“Parenting is the easiest thing in the world to have an opinion about, but the hardest thing in the world to do.”
Last night I put all four of you to sleep in your own cots. Waking up in the morning, in my bed, I’m arrested under a tangle of limbs in all directions and at the oddest angles. I was vaguely aware of them, one by one, crawling into my bed at different times in the night. Some parts of me feel truly sore from having stayed weighed under in the same position for the last few hours. But my heart feels so full and warm as I watch all of you cuddled up together.
As I reached out to ruffle your hair, my dearest daughter, remorse washed over me. Little one, am I being a good mother to you? Teaching you responsibility and independence at such an early age. You turn six next week. Just six! You are so much more responsible than your eight year old brother.Advertising
Your mother, your younger two sisters, spending time playing with them, helping me bathe them and dress them up. You even help me tidy up the rooms and fold the laundry in your own little ways. I love the way you tidy up the shoe rack, searching and collecting shoes scattered around the house, pairing them like you are solving puzzles and arranging them in neat rows on the rack. You make such a mundane task seem like a fun thing to do.
Making your Own Sunshine
But I worry little one. Am I doing it right? Your grandparents did what they thought was best for me as they raised their children.
But as Virginia Satir said “Every word, facial expression, gesture, or action on the part of a parent gives the child some message about self-worth. It is sad that so many parents don’t realize what messages they are sending.”
I write this letter to prepare you my dear child, to learn the good lessons from the bad experiences caused by toxic parenting. Parents also make mistakes despite their best intentions. But you, my sunny-natured one, can still come out shining from behind any cloud.
He who controls your purse strings, controls you
My best advice to you dear daughter is to stand on your own two feet. Be independent. Be strong. Let no one bully you. Not even your own parents. As you grow up, begin your career, get married and raise your own children, be in control of your finances. Today, you see me typing at my computer, working on articles, despite the pressures of raising four children. I am indulging in my passion, I have an outlet for my creativity and most importantly it gives me financial freedom.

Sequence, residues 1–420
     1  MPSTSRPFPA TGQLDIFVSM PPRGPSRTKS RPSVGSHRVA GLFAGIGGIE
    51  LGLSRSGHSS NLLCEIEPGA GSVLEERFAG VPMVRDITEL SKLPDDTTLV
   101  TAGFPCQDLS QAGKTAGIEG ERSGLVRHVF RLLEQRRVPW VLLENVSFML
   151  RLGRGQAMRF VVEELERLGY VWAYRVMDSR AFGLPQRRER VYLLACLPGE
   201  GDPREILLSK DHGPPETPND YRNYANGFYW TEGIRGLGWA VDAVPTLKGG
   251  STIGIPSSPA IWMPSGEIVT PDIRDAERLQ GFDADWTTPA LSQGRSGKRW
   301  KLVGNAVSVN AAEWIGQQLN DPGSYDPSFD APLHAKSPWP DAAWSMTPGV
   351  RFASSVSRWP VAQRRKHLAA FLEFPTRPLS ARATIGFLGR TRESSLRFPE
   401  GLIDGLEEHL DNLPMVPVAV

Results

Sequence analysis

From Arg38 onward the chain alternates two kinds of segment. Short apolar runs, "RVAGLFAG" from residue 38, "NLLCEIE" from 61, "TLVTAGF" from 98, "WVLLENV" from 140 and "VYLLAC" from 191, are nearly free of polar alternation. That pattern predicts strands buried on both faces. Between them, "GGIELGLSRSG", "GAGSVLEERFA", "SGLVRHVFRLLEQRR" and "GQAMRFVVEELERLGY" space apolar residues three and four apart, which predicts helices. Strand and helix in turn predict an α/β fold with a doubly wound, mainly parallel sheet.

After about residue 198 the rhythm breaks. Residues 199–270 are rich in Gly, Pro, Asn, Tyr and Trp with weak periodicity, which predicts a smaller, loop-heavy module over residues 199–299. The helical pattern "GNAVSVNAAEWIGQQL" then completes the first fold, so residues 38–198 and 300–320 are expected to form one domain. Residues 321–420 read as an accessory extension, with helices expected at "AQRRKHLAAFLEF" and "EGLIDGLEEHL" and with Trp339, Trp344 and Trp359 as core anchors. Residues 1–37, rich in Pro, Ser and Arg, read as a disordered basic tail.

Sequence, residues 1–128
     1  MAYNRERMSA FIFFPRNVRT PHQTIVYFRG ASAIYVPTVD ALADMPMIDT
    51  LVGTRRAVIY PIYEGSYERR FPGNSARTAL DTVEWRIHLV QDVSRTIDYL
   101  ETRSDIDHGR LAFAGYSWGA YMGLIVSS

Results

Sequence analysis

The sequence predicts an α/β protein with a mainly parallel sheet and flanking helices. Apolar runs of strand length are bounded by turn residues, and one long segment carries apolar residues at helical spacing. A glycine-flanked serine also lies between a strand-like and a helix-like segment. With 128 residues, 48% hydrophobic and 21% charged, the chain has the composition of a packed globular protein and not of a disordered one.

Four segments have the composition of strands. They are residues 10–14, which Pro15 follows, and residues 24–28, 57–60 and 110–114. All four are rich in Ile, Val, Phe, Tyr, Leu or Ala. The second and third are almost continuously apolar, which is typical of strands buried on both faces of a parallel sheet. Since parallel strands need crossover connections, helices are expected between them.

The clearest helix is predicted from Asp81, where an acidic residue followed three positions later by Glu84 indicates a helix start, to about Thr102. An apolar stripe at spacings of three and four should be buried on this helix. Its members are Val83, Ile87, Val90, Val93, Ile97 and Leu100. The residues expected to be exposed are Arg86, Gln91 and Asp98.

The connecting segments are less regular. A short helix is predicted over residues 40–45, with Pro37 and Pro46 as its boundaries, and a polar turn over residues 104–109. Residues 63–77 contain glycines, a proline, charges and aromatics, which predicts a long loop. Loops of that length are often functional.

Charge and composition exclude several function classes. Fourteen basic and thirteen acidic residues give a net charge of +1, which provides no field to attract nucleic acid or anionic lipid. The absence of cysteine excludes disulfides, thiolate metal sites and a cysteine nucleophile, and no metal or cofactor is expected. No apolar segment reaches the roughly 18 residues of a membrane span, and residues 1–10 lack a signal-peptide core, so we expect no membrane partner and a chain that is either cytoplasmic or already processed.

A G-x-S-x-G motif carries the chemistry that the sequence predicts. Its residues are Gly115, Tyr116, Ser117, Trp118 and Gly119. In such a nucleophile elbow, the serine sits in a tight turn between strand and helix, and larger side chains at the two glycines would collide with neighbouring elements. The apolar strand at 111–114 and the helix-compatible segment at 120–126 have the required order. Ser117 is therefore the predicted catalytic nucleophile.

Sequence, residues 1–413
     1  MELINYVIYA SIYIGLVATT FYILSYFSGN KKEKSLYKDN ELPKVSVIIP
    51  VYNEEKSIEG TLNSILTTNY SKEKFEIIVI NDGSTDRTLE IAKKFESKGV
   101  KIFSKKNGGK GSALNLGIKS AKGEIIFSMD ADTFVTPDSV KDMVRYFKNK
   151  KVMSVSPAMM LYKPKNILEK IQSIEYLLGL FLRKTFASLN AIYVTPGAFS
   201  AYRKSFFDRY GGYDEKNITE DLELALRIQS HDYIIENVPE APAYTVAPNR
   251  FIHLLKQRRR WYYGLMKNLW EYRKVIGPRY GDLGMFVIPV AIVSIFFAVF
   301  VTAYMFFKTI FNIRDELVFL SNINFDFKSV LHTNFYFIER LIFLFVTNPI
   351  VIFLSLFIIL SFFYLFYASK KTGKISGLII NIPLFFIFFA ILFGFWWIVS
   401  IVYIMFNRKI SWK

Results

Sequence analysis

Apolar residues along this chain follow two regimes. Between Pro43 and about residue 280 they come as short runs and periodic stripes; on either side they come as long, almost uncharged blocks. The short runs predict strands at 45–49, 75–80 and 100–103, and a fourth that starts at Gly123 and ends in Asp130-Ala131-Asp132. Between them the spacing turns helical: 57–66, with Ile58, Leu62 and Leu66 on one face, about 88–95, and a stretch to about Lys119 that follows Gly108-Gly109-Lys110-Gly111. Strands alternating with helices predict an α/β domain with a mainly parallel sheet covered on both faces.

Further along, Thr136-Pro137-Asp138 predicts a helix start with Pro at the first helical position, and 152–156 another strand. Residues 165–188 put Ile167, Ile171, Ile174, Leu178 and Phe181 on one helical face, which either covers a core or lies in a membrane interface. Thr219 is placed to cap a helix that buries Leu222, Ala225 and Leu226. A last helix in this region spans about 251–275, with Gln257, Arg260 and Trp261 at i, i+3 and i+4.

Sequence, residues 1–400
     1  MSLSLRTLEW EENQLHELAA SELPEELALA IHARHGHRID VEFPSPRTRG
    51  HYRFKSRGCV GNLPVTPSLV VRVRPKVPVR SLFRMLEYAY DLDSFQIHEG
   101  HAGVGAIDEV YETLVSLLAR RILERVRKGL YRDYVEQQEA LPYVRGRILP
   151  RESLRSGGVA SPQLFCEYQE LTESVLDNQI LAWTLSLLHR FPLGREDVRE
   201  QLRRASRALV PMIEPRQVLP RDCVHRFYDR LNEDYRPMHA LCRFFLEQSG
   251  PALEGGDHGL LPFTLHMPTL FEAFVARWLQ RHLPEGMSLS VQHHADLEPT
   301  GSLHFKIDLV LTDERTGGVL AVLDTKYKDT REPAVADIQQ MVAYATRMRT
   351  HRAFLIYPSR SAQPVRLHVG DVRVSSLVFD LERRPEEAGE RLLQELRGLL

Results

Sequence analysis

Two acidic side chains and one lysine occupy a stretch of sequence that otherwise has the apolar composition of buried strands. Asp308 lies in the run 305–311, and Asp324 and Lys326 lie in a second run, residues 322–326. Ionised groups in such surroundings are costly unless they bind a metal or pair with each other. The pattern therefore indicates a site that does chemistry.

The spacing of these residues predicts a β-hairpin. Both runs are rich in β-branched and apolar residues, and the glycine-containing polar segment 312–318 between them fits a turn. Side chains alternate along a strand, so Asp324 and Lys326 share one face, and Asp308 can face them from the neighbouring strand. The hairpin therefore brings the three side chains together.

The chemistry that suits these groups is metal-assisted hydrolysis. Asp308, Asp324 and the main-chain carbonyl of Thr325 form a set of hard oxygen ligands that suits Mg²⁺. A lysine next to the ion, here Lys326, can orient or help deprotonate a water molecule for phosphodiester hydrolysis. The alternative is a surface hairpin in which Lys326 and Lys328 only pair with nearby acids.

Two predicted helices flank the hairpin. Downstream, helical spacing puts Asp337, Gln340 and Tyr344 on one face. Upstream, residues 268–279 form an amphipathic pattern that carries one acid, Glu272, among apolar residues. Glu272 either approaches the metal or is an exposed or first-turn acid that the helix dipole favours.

Your father is the provider in our home, but I am not dependent on him for my personal needs. Fathers and husbands don’t quite understand a female’s unlimited fancy for clothes, makeup or shoes. But they tend to leave you alone as long as you don’t trouble them for the money. My weakness is buying pretty dresses for my children and cute plastic containers for the kitchen.Advertising
On a more serious note, financial independence gives you the means to take care of yourself, it equips you to handle better the obstacles life will throw at you. But remember, money is never enough and it shouldn’t be the goal.
Let Go of the Need to Seek Approval
Seeking validation from anyone, even parents, will only lead to harm and low self esteem. Correcting children’s mistakes is a an important part of parenting, but sometimes people don’t know where to stop. When parents are overly critical, the child tends to develop a harsh inner critic and many children end up with anxiety disorders as they grow older. Validating your own thoughts and feelings will help you manage your emotions more effectively.
Learn to Deal With Guilt and Manipulation
You are responsible for your own happiness. Expecting others to make you happy will only give you disappointments in life. The same rule applies to your parents too. Some toxic parents place unrealistic expectations on their children’s shoulders by repeatedly drilling in stories of sacrifices made to raise them up. Such parents may demand their children give up their own desires in order to do what the parents want.Advertising
Learn to deal firmly with anyone, even parents, if they use manipulation, guilt, and self-pity to make you do whatever they want.
The Healing Power of Forgiveness
Even I had my share of grudges against my parents, especially my father. But when I became a parent, I was better able to understand that no parent is perfect. I learned to stop judging them and blaming them for not understanding me better. They were times I felt abandoned, when they didn’t realize I needed them desperately by my side.
Finally getting through those troubled times by myself, solving my own problems, have actually made me a stronger and independent person. Even if they are unwilling to understand or acknowledge their mistakes, forgiving them and yourself, is the best way to begin healing.Advertising
These are valuable insights in any relationship. It applies to emotional dealings with all the people in your life, from your boss to your mother-in-law and your own children. Let no one dictate your life, your emotions or your happiness.
Featured photo credit: Flickr via flickr.com
Last Updated on January 15, 2019
How to Talk to Strangers Without Feeling Awkward
Many of us feel awkward talking to strangers. I’m a very outgoing person, even though I sometimes feel uncomfortable walking up to someone and asking a question or starting a conversation. I consider myself pretty high up on the extrovert meter. So what is it that makes us pause and become worried or anxious about talking to people we don’t know?